Instead, Price pumped heat at hitters, throwing his four- and two-seam fastballs 75% of the time, while using his newly refined spike curve to keep hitters off balance and put them away. And if that wasn’t enough, Price messed around his two-seam fastball a few times during the course of the season. His two-seamer sat around 90-91 MPH in 2009 and the beginning of 2010, but Price dialed that back midway through the season and threw it around 87-88 MPH instead. Late in the season, Price then scrapped that and started throwing his two-seamer just as hard as his four-seam fastball (which had slowly increased in velocity and now averaged around 95 MPH).

Would these trends continue into 2011? Kinda, but not entirely. Since the charts are noisy, let’s look at just his fastballs first:

Once again, I want to stress that I’m no expert at parsing out two- and four-seamers. I gave it a shot, but then figured I’d simply present the data as classified by Joe Lefkowitz’s site. Mike Fast commented in his piece that Price favored his two-seamer over his four-seamer by the end of 2010, so I wouldn’t be surprised if these charts above are underrepresenting the amount of two-seam fastballs that Price has thrown. At the least, he’s throwing it as often as his four-seam fastball; most likely, he’s throwing it even more often.

The two-seamer has become a very effective pitch for Price, and by adding velocity to it, he’s turned it into his best pitch at inducing ground balls. As his two-seam use has gone up, so has Price’s groundball rate; it now sits at 45%, the highest mark of his career. Price has stuck with the higher velocity two-seam fastball all season, and it seems to be working out well for him.

Now, the breaking balls:

If this looks confusing, don’t worry – that’s because it is. Price hasn’t followed any one pattern or relied on any one breaking pitch more than others; he’s using all three of his breaking balls at around the same rate. Price has doubled his changeup use from last season (12% currently), and he’s throwing both his curveball and slider just under 10% of the time.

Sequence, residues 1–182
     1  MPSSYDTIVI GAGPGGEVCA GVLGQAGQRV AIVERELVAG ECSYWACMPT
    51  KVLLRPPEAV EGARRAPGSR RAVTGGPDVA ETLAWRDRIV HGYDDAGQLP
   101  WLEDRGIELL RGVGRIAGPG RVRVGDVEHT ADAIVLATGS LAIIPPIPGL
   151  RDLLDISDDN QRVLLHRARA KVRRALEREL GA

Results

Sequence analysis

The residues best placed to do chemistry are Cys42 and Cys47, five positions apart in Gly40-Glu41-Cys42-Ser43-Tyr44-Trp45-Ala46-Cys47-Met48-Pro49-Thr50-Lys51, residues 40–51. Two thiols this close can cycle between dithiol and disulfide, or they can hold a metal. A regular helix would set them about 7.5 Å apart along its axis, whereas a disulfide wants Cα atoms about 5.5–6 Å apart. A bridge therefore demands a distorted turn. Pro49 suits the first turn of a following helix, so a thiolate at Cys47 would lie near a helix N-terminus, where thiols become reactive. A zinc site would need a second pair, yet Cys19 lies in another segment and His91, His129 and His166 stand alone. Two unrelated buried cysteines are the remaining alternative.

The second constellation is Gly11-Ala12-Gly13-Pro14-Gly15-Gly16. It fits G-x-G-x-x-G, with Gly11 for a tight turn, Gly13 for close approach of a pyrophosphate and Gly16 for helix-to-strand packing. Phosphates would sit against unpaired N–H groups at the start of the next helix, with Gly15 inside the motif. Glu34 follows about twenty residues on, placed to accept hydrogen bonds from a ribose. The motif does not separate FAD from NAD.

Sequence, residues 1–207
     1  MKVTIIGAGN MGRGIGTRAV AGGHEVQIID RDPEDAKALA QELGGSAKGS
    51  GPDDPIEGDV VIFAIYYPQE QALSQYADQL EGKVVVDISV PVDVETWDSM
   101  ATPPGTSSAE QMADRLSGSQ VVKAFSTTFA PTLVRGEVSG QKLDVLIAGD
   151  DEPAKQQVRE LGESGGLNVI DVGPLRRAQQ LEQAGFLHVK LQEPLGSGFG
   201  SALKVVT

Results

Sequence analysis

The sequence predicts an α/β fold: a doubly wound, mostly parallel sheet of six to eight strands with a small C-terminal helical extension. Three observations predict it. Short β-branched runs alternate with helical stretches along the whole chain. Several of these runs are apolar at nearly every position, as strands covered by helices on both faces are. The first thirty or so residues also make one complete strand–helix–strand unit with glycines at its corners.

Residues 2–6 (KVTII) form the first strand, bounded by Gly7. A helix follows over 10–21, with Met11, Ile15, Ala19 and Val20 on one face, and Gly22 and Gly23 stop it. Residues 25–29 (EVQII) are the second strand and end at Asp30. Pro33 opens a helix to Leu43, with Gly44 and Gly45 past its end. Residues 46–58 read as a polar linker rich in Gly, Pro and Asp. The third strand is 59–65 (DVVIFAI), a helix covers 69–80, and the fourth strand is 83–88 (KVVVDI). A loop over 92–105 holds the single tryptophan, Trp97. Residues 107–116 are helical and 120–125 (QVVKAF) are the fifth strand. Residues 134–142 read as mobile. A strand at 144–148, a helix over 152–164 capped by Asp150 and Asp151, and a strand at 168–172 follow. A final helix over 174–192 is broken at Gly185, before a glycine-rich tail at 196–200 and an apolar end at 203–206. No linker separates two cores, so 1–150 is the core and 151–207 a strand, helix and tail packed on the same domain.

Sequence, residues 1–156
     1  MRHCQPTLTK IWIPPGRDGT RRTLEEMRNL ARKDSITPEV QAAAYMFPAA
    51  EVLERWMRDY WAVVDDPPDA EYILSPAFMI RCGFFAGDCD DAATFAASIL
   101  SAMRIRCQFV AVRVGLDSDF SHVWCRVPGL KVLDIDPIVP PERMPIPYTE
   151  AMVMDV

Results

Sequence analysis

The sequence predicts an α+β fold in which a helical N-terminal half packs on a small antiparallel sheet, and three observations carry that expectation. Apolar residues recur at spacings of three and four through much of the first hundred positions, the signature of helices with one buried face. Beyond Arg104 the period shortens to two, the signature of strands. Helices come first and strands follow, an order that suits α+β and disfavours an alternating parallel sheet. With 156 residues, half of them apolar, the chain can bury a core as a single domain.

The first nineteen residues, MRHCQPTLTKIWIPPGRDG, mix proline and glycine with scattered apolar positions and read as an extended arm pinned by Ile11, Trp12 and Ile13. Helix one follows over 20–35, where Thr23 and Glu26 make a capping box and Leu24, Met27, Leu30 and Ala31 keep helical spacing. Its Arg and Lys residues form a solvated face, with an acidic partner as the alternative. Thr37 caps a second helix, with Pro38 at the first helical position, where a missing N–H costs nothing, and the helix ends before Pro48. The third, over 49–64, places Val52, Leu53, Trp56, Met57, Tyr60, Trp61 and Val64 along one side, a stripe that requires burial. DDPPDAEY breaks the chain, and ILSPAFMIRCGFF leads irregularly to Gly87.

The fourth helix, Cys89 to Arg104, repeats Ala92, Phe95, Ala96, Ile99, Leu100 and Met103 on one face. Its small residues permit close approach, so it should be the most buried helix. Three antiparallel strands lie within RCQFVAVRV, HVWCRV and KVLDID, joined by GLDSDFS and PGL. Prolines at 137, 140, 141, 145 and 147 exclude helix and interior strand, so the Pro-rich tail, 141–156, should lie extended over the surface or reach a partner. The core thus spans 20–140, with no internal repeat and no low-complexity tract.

That slider that was supposedly dead? It’s back with a vengeance this season, and Price has used it more and more frequently as the season has progressed. While he used to throw his slider around 87-88 MPH, over the later half of this season he’s cranked it up to around 90-91 MPH instead and has seen good results so far.

So as it stands right now, Price throws his two- and four-seam fastball around 95 MPH, his slider around 90-91 MPH, his spike curve in the high 70s, and his changeup around 83-84 MPH. He’s improved his two-seam fastball so that it’s his primary pitch (and it’s a good weapon for inducing ground balls); he’s refined his changeup and spike curveball; and he’s seemingly reinvented his missing slider.

What will Price’s next step be? Has he finally reached a mix that he’s comfortable with, or will he continue to tinker with his pitches next season? Darned if I know. My guess is he’s reached some sort of stability, as it appears he’s been very effective working primarily off his two-seam fastball. He’ll likely keep mixing up his breaking ball use depending upon which pitch he feels the best with at the moment, but he’s now turned himself from a two-trick pony into a five-card stud.

But then again, who knows? Price seems to have a very active personality — if his Twitter account is any indication — and maybe he’ll get bored during the offseason and enter 2012 with a knuckleball and gyroball to boot. Or maybe he’ll decide to ditch his changeup and curveball entirely and go back to his roots with a fastball/slider combo. At this point, I wouldn’t put anything past Tinkerbell.

We hoped you liked reading The Evolution of David “Tinkerbell” Price by Steve Slowinski!

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Steve is the editor-in-chief of DRaysBay and the keeper of the FanGraphs Library. You can follow him on Twitter at @steveslow.

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Correction: James Shields got his nickname before the 2008 playoffs. As Joe Posnanski points out, he had the nickname before he threw in a big game: